Designers know how important imagination is to the creative process. If we aren’t careful though, logic can end up dominating our internal design process while our creativity disappears. To help maintain a healthy balance, here are a few ways to kickstart your imagination:


  • Set your goals ridiculously high…and then meet them. One way of doing this is to create 50 or even 100 iterations of an idea rather than only 3 or 4. The logical ideas will run out around the 20th iteration and there will be no choice but to use your imagination to meet the goal.
  • Trade in the tools you are familiar with for some that are unfamiliar. Sometimes songwriters who are more comfortable on a guitar will sit at the piano or pick up a tuba and find a completely new melody. Likewise, designers can find this same success by avoiding those design tools that we are most adept at using.
  • Go the other direction. Start with what you think isn’t working, or what convention says shouldn’t work, and explore that path. You might find that those ideas have more to them than you originally thought. Think of this as the Columbus method.
  • Say “Yes” to everything. Saying “No” or being skeptical is a rational thing to do. As an idea pops into your mind, write it down, explore it, and build upon it. Soon the ideas will be flooding in. This is the key to making improvisational comedy work, among other things.

The future is coming at us faster than ever and our imagination must be primed in order to keep up. The recent proliferation of mobile interactive devices has brought with it a new grammar of interactivity that is no longer defined by traditional peripheral input. Instead, these devices are now being controlled by touch, sound and movement. And there are still bigger steps to come. Our lives are only going to get more interconnected and more interactive, leading interaction designers into new and uncharted waters that lie beyond the borders of logic.

“The only way of discovering the limits of the possible is to venture a little way past them into the impossible.” (Profiles of the Future)

Talk Is Cheap, But Actually Watching Your Users Can Be Golden

From the projekt202 archives

Last month I was fortunate enough to present a webinar with Seth Maislin of Earley and Associates and our very own Peter Eckert. If you missed it, you can still access it on the Earley web site (you will need to create a user account).

The overarching topic of the webinar was quick and dirty usability techniques. Registrants were invited to respond to a survey prior to the webinar about their use of some common user feedback techniques.  Approximately 25% of the 400 people who registered participated in the survey.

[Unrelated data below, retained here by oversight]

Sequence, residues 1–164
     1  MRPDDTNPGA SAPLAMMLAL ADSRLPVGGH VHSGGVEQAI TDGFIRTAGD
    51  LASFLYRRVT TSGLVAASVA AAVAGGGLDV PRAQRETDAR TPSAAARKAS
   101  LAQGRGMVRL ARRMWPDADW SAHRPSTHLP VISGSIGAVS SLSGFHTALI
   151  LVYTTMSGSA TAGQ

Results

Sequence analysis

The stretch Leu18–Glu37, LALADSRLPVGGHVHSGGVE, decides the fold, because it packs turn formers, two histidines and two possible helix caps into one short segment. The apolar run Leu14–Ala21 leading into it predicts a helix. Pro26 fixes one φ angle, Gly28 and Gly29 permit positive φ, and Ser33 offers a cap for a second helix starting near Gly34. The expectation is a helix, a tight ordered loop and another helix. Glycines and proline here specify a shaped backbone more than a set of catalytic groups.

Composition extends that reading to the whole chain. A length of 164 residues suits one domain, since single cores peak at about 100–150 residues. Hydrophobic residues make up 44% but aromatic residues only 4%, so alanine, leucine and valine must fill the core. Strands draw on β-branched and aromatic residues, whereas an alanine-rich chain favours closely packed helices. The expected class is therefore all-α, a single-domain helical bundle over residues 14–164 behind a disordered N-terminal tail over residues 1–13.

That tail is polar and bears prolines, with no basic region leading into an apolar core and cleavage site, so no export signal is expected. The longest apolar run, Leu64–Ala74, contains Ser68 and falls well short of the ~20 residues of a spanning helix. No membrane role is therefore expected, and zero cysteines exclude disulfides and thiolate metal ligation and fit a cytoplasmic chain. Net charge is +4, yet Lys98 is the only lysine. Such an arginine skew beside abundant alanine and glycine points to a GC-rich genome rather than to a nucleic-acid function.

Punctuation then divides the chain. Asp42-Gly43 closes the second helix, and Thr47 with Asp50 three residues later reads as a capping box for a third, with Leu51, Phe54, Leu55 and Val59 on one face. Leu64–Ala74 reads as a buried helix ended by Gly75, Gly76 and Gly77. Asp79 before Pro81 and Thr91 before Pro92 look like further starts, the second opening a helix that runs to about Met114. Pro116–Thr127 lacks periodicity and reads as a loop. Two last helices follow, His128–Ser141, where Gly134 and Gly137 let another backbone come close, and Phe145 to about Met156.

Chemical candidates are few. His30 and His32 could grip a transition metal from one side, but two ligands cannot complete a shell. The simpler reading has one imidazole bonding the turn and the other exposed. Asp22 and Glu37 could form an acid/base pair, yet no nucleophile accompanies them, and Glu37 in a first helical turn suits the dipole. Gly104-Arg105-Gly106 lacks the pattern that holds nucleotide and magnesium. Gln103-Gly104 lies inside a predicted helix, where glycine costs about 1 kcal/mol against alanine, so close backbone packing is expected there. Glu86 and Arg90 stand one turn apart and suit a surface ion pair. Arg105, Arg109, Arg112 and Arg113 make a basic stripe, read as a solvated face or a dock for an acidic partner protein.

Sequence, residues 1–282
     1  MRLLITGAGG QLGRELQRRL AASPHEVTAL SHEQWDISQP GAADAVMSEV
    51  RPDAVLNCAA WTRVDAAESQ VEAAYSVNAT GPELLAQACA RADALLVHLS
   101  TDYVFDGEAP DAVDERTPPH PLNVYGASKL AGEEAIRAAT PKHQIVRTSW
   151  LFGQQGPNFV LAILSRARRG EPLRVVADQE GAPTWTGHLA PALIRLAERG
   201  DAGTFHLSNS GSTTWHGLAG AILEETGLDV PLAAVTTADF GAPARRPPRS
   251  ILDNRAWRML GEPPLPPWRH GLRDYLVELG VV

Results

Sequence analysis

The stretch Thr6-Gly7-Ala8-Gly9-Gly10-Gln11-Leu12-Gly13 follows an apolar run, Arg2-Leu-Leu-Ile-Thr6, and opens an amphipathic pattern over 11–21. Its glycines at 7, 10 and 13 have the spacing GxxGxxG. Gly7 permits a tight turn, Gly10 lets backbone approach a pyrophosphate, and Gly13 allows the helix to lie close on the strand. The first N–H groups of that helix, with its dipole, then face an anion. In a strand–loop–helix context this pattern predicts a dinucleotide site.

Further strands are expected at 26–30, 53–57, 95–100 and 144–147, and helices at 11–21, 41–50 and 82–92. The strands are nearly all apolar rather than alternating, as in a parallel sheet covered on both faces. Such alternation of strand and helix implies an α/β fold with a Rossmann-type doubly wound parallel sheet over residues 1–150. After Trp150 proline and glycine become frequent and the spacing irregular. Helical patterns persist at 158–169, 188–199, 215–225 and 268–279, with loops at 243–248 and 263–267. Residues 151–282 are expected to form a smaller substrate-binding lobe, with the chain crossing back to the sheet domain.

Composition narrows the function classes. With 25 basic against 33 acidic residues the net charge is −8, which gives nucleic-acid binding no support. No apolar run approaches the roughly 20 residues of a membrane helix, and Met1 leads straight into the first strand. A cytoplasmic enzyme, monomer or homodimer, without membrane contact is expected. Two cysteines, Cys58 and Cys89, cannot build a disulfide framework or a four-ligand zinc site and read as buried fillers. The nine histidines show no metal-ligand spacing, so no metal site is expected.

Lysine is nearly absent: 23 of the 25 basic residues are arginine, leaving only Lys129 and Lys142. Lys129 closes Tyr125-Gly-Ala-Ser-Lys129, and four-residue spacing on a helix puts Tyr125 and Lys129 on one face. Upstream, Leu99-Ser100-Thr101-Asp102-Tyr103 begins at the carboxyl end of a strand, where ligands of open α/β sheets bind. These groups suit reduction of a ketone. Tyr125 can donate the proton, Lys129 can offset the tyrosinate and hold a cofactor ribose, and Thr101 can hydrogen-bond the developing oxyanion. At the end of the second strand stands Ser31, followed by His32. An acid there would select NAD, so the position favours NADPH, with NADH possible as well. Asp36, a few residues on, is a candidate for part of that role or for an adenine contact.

Although it was a fairly small sample, an apparent trend was revealed.  Most of the techniques folks said they are using regularly on all of their projects involved subjective opinion gathering: interviews, focus groups, and surveys. None of these techniques involved looking at anyone using an actual product! Less than 10% of the respondents were regularly employing techniques like usability testing, contextual inquiry, and cognitive walkthroughs that involve watching people interacting with a system either live or prototyped.

Why is this? Is it a cost issue? Do companies think they simply can’t afford to actually test their ideas? Gathering opinions is fine, but they are just that: opinions. And basing the design of a complex system on opinions without testing the usability is risky at best and sometimes downright foolish! What users say and what they do are two very different things.

The only true way to understand the usability of your system is to watch people use it. Watching users doesn’t have to be a costly undertaking either.  You can gain huge insight from observing just a few users, and at a minimum eliminate usability problems early on, which inevitably will save you money in the long run.

Don’t stop talking to your users, but make sure you watch them using your product too!

XAML Organization

XAML Organization

We've worked on countless WPF and Silverlight projects over the past several years and throughout that time, we've refined both our process and the organization of our solutions.  We pass off front-end code to our client developers.  So clean, understandable organization is extremely important for an effective transfer of knowledge. Most of the development teams that we work with are well versed with c# code, programming methodologies, and best practices.  But typically we find that XAML is not something that they care much about.  Due to this lack of interest folks tend to not put much up-front thought into how their Resource Dictionaries are organized, nor is there much in the way of guidance from Microsoft.  So then 3 months into their development cycle the application looks great from a code perspective, especially if the Model View ViewModel (MVVM) paradigm is followed, but digging into the various styles, templates, brush resources, etc... reveal a lot of problems.



We've talked about having a blog for a while now and we're happy to have it go live.  projekt202 has a lot of brainpower and experience within our studio walls along with the call to share.  You can expect to see topics ranging from research findings, to interaction challenges and techniques, to my favorite, front-end technologies and the UI development problems we solve. So follow along on our journey.  We hope you find some level of inspiration and insight into our areas of expertise.